Wednesday, July 3, 2013

Unfit To Be the Ruler of a Free People

“When in the course of human events, it becomes necessary for one people to dissolve the political bands which have connected them with another...a descent respect to the opinions of mankind requires that they should declare the causes which impel them to the separation.”
So begins the Declaration of Independence, one of the most recognizable documents in American history.  Most Americans can recite the “unalienable rights” of “Life, Liberty, and the pursuit of Happiness” but, unfortunately, many have a hard time putting the document in context or applying it to today’s government.

After the preamble, the Declaration explains the authors’ beliefs in what “all men” are entitled to, what is necessary for these entitlements, and how much typical “men” will put up with.  The forgotten section (and arguably the most important section in relation to the present) of the Declaration comes next – the list of grievances.

1776 was a transitional year in the colonists’ fight for their rights.  In January, Common Sense, a pamphlet written by Thomas Paine, was published and circulated widely around the colonies.  Paine argued that their fight was not with Parliament, as it had been for the previous decade, but with the King.  Parliament was elected by the People while a king’s claim to the throne was hereditary.  Paine, again in Enlightenment fashion, argued that mankind was not supposed to be ruled by a king.  A king was merely a tyrant and violated the unwritten Social Contract between ruler and ruled.  Common Sense circulated widely throughout the colonies with 100,000 copies sold in just the first three months after it was published.  Without Common Sense, it is hard to imagine how Jefferson et. al. could have convinced the other colonists to get behind their document on July 4, 1776.

The grievances, then, solely target the king.  It is here that we get a sense of why the colonists felt the need to separate from their motherland.  These grievances are quite extensive because, as Jefferson explains in the previous section, “Prudence, indeed, will dictate that Governments long established should not be changed for light or transient causes; and accordingly all experience hath shewn, that mankind are more disposed to suffer, while evils are sufferable, than to right themselves by abolishing the forms of which they are accustomed.”  In other words, we’ll put up with a lot of crap when we get comfortable with our way of life.  Sadly, when put in context, many of these grievances can be applied to the United States government today.  Here are a few examples.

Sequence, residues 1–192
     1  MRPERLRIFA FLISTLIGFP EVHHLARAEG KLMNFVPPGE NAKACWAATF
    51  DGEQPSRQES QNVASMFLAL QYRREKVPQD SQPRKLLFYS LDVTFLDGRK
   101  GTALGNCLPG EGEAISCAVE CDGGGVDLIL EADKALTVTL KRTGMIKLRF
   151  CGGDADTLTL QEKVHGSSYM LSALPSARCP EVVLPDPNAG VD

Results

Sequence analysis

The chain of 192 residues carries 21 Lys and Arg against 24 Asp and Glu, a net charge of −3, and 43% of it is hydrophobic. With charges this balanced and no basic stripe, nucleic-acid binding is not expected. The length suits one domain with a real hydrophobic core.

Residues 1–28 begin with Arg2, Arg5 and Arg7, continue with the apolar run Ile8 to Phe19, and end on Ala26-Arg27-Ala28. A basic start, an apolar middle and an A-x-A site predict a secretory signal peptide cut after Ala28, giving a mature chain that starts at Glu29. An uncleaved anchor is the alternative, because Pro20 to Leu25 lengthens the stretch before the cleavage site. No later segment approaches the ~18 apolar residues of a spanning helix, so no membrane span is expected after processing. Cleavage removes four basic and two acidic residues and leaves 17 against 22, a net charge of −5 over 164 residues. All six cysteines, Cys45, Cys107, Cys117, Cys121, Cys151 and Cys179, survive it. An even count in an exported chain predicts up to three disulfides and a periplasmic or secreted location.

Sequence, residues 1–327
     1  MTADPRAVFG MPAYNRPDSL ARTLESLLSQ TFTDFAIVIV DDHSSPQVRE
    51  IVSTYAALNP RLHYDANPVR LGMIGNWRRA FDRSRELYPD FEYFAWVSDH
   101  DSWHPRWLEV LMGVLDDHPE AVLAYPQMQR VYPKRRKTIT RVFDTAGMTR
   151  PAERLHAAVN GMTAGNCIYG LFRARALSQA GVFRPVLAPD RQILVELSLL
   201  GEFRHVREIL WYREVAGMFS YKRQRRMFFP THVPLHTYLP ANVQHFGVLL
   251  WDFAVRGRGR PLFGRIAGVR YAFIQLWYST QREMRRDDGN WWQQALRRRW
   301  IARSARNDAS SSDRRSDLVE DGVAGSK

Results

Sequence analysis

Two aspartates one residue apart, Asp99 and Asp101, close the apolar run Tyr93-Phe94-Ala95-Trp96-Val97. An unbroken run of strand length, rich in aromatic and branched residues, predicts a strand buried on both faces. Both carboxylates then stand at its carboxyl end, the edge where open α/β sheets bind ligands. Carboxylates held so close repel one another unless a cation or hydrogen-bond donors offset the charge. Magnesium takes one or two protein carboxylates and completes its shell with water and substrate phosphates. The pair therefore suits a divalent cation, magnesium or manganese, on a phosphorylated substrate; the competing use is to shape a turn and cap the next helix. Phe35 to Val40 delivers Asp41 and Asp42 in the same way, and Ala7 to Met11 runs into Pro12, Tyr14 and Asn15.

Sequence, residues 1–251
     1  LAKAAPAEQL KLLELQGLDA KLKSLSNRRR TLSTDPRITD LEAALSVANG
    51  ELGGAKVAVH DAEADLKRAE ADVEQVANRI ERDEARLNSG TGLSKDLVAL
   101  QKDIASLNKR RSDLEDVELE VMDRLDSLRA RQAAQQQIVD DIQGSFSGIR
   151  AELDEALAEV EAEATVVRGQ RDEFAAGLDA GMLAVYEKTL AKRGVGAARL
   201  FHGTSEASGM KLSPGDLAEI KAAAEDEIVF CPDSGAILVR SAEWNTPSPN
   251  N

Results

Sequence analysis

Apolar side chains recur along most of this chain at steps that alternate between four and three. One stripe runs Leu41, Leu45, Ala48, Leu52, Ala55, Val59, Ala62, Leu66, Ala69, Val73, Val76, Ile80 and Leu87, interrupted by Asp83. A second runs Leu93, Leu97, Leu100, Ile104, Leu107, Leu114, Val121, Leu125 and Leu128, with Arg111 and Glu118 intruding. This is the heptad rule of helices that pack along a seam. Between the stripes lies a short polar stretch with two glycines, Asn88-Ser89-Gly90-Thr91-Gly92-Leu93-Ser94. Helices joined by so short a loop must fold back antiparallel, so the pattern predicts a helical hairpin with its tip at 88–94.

“He has refused to Assent to Laws, the most wholesome and necessary for the public good.”

In 21st century America, laws are so numerous that it is difficult to keep track of them all.  However, there have been sensible bills that have been suggested or introduced which will never see the light of day.  The are two that come to mind immediately.  Representative Tom Marino (PA) introduced the One Subject at a Time Act which, as the title suggests, would require future bills to be limited to one subject - no more farm subsidies amendments in a defense spending bill, for instance.  The other bill which will never pass because of lobbying money is a bill which would require all genetically modified foods to be labeled.  Both these suggests seem “wholesome...for the public good” yet Congress refuses to recognize them as important topics. 

“He has erected a multitude of New Offices, and sent hither swarms of Officers to harass our people, and eat out their substance.”

When George Washington was elected president, he selected a cabinet that consisted of four members: the Secretary of State was to handle international relations, the Secretary of War was nominated to manage the military, the Secretary of the Treasury watched the money, and the Attorney General was the president’s legal consultant.  Today the cabinet consists of 15 departments all of which manage various agencies.  These new offices (TSA, IRS, FBI, NSA, CIA, etc.) have “swarms” of officers all over the nation who have been accused of spying on Americans, subverting political causes through agentprovocateurs, framing suspects, molesting travelers, and even druggingunsuspecting suspects.

“For protecting them [soldiers], by a mock Trial, from punishment for any Murders they should commit on the Inhabitants of these States.”

If you take an honest look at today’s justice system you will realize how many innocent people are in jail and how many complete crooks have bought their way out of jail or have been punished by being sent to one of those nice white collar, resort prisons.

“In every stage of these Oppressions We have Petitioned for Redress in the most humble terms: Our repeated Petitions have been answered only by repeated injury. A Prince whose character is thus marked by every act which may define a Tyrant, is unfit to be the ruler of a free people.”

We the People have tried over and over again to push for reform.  Some reforms have been achieved, however, there are many reforms that Americans are demanding today and the avenues for said reform have been closing.  Petitions and emails/phone calls to “our” representatives are summarily ignored or rejected.  Voting in the two party system is ludicrous as there is very little difference between the Republicans and Democrats.  Protests are thwarted by sound cannons, pepper spray, or sometimes more extreme measures.  Political groups that shake the status quo are subverted by agents provacateurs.  Our repeated petitions have been met with repeated injury.

So what do we do?  Is it time to re-declare our independence?  Are these evils sufferable or is it a case of pop culture distractions?  If so, when will the evil become insufferable?

No comments:

Post a Comment